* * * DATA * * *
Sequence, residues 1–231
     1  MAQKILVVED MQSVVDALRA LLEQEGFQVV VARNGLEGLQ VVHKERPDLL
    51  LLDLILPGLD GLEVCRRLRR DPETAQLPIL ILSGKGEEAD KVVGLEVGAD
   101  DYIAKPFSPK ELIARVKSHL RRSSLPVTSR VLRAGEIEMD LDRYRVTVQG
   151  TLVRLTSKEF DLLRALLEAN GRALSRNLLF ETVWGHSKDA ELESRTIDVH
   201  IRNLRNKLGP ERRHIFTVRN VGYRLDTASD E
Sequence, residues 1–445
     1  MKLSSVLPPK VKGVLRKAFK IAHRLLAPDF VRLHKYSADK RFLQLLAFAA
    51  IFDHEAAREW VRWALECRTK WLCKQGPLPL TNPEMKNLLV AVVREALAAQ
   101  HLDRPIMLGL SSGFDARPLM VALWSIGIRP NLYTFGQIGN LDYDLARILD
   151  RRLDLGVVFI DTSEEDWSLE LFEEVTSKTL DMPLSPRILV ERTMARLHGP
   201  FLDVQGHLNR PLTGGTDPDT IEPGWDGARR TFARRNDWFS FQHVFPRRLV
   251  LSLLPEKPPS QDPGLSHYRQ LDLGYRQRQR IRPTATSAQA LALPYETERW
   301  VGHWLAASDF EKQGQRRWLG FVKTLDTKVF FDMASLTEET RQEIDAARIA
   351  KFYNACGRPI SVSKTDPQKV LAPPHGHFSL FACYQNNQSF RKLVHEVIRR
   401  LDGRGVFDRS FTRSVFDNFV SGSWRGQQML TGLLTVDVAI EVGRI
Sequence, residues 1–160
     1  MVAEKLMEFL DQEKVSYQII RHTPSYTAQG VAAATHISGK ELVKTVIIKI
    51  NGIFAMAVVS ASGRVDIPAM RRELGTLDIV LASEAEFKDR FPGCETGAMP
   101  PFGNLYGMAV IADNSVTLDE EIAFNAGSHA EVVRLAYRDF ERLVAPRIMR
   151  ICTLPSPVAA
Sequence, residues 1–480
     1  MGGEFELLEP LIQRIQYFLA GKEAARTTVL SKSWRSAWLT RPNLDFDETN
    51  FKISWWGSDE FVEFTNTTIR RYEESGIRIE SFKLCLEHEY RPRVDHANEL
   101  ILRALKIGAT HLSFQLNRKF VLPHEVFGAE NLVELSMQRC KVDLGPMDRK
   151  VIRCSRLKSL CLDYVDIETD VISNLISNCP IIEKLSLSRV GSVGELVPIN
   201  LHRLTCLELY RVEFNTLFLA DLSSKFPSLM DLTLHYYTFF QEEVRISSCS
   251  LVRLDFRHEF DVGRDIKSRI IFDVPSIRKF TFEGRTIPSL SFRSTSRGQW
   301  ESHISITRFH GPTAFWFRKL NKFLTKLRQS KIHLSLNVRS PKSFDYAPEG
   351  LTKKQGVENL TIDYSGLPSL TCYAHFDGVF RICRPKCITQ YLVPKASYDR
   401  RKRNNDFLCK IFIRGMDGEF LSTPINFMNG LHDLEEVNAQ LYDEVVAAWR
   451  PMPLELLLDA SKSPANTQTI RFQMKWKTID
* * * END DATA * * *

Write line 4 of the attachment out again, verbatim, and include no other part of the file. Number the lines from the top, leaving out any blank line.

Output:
   101  DYIAKPFSPK ELIARVKSHL RRSSLPVTSR VLRAGEIEMD LDRYRVTVQG